How to Train Your Dragon: The Hidden World movie review — Most kid-friendly instalment of the trilogy
How to Train Your Dragon: The Hidden World is primarily about Hiccup which is great from a storytelling focal point but it loses the element of surprise because in a family movie such as this it is easy to guess what our hero’s journey would be.
castJay Baruchel, America Ferrera, Cate Blanchett, Craig Ferguson, F. Murray Abraham.
The How to Train Your Dragon films have consistently delivered wholesome emotions with eye popping animation; the third film in the series titled The Hidden World renders more of the same kind of fun, making it the rare trilogy closer that isn’t a snore fest.
Although The Hidden World arrives five years after the previous film, the events are set only a year later. Taking over from his dad, Hiccup (Jay Baruchel) is now leading the island of Berk, where humans and rescued dragons stay together. So many dragons have been rescued, that the island can’t sustain them, so Hiccup drums up a plan to discover the titular hidden world where dragons are supposed to dwell. Things don’t go according to plan when Hiccup’s quest is marred by Grimmel (F Murray Abraham), a nefarious dragon hunter who is determined to take down Hiccup’s dragon friend Night Fury.
What works is how constantly bouncy the film is – there isn’t a moment of boredom and there is always something funny or visually spectacular unfolding on the screen. This is the most kid-friendly instalment of the trilogy, which may upset those who loved the emotional resonance that the first film provided, but everything is just so charming and delightful it’s easy to simply sit back and enjoy the breezy entertainment the film offers. The dragons are once again wonderfully designed, and the sheer size of their ‘flock’ is awesome to watch on the big screen, particularly when the hidden world is introduced. The villain, even though a bit tropey is a fun character to watch, he has just enough menace to scare kids but is also involved in some goofy moments, particularly one where he deals with the overtly talkative Justin (Kristen Wiig).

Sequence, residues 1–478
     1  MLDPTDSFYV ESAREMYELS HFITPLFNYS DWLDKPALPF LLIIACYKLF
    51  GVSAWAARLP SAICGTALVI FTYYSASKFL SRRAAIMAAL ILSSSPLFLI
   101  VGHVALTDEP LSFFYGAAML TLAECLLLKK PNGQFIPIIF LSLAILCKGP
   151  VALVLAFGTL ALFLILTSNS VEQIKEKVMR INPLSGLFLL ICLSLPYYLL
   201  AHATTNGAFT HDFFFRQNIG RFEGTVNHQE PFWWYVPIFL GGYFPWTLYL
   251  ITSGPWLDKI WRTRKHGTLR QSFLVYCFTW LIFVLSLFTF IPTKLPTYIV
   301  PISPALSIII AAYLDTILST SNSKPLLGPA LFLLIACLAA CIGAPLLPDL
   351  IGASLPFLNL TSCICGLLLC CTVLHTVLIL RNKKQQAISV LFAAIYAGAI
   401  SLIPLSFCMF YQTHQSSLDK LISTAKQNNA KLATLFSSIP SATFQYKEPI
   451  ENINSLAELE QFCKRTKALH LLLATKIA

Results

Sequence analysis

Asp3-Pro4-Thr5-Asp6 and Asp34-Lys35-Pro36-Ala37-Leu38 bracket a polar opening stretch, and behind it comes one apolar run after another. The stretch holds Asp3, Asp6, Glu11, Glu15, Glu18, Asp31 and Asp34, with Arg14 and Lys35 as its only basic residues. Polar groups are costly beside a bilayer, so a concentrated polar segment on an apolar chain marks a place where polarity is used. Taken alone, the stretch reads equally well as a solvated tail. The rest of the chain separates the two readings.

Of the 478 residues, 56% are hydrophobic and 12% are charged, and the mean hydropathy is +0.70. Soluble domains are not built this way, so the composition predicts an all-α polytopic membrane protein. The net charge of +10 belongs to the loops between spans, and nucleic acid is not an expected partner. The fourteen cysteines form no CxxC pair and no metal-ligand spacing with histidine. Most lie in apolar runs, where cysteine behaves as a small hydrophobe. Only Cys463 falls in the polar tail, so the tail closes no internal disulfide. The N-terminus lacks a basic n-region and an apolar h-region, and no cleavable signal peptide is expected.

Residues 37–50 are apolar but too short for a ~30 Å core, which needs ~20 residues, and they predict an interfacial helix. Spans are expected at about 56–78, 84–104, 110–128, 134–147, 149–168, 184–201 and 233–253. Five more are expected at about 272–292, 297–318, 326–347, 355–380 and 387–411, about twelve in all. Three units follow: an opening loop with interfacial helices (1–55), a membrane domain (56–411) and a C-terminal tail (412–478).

There is also the theme of letting go, which is handled quite tastefully, and there is of course the undercurrent of social commentary of what the dragons represent in our real world. Writer-director Dean DeBlois doesn’t delve too deep but he does have the deft touch of sensitivity and not making heavy stuff like this seem like a life lesson being slapped on young audiences’ faces. He also does a good job of filling the emotional gaps with soaring action set pieces and the blossoming friendship between Night Fury and another dragon, the details of which are best left for you to discover.
A major theme that the film misses out on is the dynamic between Hiccup and his girlfriend Astrid (America Ferrera) – this was built up in the first movie but Astrid’s character has been curiously sidelined through subsequent films, which is a bummer considering how interesting she is. The film is primarily about Hiccup which is great from a storytelling focal point but it loses the element of surprise because in a family movie such as this it is easy to guess what our hero’s journey would be. Hiccup’s mother Valka (Cate Blanchett) who was built up as a big twist in the second film also doesn’t contribute anything to the plot apart from a cool character design. A little tightening of these screws would have made the film a truly classic series closer, for now it’s merely a fun one.
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